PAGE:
“Marketing has a far stronger power than scientific proof. Few of us follow scientists, but we sure as hell follow celebrities, influencers, and brands that are in no way health experts but sure act like them.”

“Telling overworked nurses to do yoga is similar to walking into a sweatshop and informing the employees they really ought to do something about all that stress. Maybe they shouldn’t be working insane hours. Employers can dangle workplace wellness initiatives to offset the stress they create in part because we’ve accepted the concept en masse: it’s our job to fix what’s “wrong” with us. Consequently, employers are always suggesting more ways to get well, yet never offering less work or more substantial help.”

“Taking care of oneself was acknowledging your needs so you could adequately push back against a system of social inequality. It caused one to ask, “How can I fight injustice or overcome adversity if my tank is empty?””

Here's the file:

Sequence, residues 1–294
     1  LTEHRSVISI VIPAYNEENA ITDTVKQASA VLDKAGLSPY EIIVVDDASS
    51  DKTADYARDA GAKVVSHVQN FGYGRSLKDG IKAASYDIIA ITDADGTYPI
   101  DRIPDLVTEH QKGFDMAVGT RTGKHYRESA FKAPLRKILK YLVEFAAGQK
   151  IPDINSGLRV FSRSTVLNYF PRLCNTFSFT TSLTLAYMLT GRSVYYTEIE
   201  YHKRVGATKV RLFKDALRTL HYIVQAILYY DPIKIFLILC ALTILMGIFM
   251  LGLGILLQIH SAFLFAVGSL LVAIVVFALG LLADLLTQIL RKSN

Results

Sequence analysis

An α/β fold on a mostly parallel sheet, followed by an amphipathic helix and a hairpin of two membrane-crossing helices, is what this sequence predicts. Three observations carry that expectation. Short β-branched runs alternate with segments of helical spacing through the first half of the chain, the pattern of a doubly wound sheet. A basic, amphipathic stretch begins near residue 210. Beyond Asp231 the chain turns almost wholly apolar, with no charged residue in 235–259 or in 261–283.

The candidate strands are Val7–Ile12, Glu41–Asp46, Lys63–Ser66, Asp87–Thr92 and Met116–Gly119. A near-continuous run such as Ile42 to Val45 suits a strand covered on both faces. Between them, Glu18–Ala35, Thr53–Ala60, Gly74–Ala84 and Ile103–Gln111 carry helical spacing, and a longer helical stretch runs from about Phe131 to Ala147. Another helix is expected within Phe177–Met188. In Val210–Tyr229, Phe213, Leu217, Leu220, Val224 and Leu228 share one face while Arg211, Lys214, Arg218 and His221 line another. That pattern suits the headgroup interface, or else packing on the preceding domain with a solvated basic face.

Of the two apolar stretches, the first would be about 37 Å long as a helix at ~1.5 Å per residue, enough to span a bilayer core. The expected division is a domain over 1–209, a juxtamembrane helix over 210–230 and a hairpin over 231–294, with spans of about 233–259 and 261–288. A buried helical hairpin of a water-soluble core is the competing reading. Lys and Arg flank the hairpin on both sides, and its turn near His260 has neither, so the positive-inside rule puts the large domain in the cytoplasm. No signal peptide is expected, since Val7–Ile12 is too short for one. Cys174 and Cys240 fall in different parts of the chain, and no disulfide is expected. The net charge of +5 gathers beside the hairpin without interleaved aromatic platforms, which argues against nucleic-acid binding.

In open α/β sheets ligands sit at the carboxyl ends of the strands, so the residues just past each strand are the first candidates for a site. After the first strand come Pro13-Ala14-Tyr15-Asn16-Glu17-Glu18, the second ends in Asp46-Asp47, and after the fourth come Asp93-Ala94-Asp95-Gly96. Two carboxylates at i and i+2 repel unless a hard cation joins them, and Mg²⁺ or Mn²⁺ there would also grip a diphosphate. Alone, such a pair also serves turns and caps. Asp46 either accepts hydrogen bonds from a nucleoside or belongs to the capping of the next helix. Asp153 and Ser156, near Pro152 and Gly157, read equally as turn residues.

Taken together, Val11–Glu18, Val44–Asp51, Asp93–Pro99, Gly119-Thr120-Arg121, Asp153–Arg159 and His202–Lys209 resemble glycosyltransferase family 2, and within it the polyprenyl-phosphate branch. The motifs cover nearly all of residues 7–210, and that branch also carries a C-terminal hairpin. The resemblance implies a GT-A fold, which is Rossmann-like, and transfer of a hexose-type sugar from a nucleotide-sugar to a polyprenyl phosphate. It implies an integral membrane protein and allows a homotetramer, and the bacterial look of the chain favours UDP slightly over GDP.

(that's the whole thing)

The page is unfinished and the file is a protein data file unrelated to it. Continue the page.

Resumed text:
“Self-care meant standing up for yourself to declare, “I need more.” I need to protect my mental and physical health so that I can right what’s wrong not just for myself but for others too.”

“Self-care today is far more inward-looking—and dependent on a purchase.”

Go on, read this: The Gospel of Wellness: Gyms, Gurus, Goop, and the False Promise of Self-Care, Rina Raphael

 

I don’t know what to say. She’s said everything! And I’m still on Chapter 2.

Sophie’s World is on pause. This is just too riveting for someone who is still (a bit) in the wellness industry.